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Many cleaning agents have constituents with the chemical signature of a potential respiratory sensitiser

Many cleaning agents have constituents with the chemical signature of a potential respiratory sensitiser
This report from the UK respiratory surveillance scheme (SWORD and THOR) shows that the incidence of reported occupational asthma from cleaning agents, unlike other causes which are declining, and that chemical structure analysis with QSAR shows a number of cleaning products contain low MW products that would be likely sensitisers, (Chlorhexidine, Formaldehyde, Diethanolamine, Glutaraldehyde, Ethanolamine and (Sodium) dichloroisocyanurate

References

Abstract Available for Occupational and work-related respiratory disease attributed to cleaning product Carder M, Seed MJ, Money A, Agius RM, van Tongeren M, Occupational and work-related respiratory disease attributed to cleaning product, Occup Environ Med, 2019;76:530-536,http://dx.doi.org/10.1136/oemed-2018-105646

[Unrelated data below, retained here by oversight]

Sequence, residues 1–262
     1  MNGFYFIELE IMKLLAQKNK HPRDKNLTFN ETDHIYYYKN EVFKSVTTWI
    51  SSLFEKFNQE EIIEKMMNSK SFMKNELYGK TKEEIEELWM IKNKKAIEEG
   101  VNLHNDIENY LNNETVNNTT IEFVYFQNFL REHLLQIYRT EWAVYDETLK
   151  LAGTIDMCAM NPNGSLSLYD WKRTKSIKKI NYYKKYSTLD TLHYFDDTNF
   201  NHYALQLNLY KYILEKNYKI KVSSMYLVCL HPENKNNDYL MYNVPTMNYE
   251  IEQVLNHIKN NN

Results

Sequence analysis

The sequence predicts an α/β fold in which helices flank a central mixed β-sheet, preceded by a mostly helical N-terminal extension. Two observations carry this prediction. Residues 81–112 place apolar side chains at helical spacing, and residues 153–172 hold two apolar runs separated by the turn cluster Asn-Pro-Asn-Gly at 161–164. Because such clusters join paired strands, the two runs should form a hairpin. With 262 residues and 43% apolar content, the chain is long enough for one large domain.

Raymond Agius, Centre for Occupational and Environmental Health, Manchester University, an author of 'Occupational and work-related respiratory disease attributed to cleaning product' Martin Seed, Manchester University, an author of 'Occupational and work-related respiratory disease attributed to cleaning product' Annemarie Money, Manchester University, an author of 'Occupational and work-related respiratory disease attributed to cleaning product' Melanie Carder, COEH Manchester, an author of 'Occupational and work-related respiratory disease attributed to cleaning product'

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